The 5th Avenue Theater is a popular historical theater building that is located in Seattle, Washington. This building has hosted many theater productions and motion pictures since it was opened in 1926. It is owned by the University of Washington and it was actually once a part of the original campus. The theater, which is located at 1308 Fifth Avenue in the popular Skinner Building, has been listed on the National Register of Historic Places since the year 1978.
The theater has 2,130 seats and employs over 600 actors, directors, musicians, designers, choreographers, technicians, box office staff, stage hands and administrators. This makes it the largest theater employer in the region. This theater company is supported by corporate donations, individuals, government sources and box office ticket sales. The current subscriber season programming includes six to seven shows each year. It also hosts a number of special events and even offers a variety of education and outreach programs to school children and adults. These programs reach over 61,000 students, performers and audiences every year.
The theater is located in the Skinner Building which is a historic office block that ranges between 5 and 8 stories with several retail shops on ground level. This theater is surrounded on 3 sides, with its entrance facing its namesake avenue. Apart from the auditorium with an original seating capacity of 3,000, the theater also contains a grand entry hall and a mezzanine that at one time featured a tea room, a waiting room and a women’s lounge.
The interior architecture of this theater is a unique imitation of Chinese wooden temple construction. The 2 story rectangular lobby features some red stenciled columns that are wrapped in plaster rising to the timbered roof structure. Two male lion statues guard the stairway to the second level gallery that serves the theater balcony. Together the original statues, other light fixtures, furnishings, and decorations remain intact. Beyond the decorative features of this building, 5th Avenue Theater also contained unique technical features when originally built.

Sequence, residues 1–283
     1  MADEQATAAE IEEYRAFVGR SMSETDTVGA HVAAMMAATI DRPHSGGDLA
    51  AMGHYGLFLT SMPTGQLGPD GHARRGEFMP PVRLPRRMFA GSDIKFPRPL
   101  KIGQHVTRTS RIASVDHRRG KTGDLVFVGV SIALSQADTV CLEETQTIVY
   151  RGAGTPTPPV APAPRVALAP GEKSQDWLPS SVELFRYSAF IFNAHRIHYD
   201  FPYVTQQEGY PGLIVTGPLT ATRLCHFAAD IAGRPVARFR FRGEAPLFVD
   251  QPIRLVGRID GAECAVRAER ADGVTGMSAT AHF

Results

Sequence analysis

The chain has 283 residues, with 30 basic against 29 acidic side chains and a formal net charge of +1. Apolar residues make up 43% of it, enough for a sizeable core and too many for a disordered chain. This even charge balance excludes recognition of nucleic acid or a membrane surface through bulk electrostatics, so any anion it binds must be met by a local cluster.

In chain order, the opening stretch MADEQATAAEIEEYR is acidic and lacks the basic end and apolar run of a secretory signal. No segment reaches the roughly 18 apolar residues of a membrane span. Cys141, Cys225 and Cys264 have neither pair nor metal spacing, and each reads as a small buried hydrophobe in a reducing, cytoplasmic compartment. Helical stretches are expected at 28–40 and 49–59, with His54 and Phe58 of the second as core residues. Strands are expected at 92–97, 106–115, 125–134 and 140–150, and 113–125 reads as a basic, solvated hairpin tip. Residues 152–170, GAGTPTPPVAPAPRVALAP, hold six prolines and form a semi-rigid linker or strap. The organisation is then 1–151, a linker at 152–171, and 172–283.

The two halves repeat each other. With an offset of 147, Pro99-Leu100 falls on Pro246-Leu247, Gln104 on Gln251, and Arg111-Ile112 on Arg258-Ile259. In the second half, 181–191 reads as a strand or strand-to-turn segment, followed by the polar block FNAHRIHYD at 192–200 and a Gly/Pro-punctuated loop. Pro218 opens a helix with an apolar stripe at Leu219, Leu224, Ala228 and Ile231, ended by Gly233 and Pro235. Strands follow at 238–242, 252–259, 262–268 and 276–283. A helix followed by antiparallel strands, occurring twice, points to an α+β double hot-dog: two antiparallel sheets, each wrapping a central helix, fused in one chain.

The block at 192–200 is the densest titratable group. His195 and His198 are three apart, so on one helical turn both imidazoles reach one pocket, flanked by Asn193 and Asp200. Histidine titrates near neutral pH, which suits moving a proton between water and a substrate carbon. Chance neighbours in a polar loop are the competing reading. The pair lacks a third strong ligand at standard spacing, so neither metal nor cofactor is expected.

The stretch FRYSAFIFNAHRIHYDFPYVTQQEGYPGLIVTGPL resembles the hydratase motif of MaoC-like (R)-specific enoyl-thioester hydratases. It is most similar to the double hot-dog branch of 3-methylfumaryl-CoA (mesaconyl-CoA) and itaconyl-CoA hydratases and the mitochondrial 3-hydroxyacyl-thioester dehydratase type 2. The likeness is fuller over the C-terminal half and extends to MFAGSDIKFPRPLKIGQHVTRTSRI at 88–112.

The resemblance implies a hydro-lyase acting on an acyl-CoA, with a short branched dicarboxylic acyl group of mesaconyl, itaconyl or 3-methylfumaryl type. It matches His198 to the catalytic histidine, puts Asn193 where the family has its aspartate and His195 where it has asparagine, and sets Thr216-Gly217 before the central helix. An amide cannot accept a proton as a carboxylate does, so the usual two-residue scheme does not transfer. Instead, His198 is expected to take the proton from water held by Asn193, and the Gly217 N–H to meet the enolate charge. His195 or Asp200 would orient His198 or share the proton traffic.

The president of Pacific Northwest Theaters, Inc, Mr. Harry Arthur believed Seattle to be a place of increasing importance in the motion picture industry in mid 1920’s. Arthur’s company decided to absorb a chain of 40 theaters by 1926. C. D. Stimson was a large holder of the theater company’s stock. He sat on the board of directors of Metropolitan Building Company and Pacific Northwest Theaters and developed what was later known as the Metropolitan Tract.
Stimson promoted establishment of a theater district similar to the one which had developed around a theater he built in California. The planned Skinner Building with theater owned by Arthur’s company would complete Stimson development project. Robert Reamer, an architect, joined the Metropolitan Building Company and designed the Skinner Building together with the 5th Avenue Theater. The construction started in October, 1925. The process took 11 months and cost about $ 1.5 million.
5th Avenue Theater celebrated its grand opening on September 24th, 1926. This opening program included silent film, “Young April,” “The Night Club” and several others. This night was also marked by festivities outside the theater with dance bands being placed to provide entertainment. A crowd of between 50, 000 and 100,000 people participated in the events.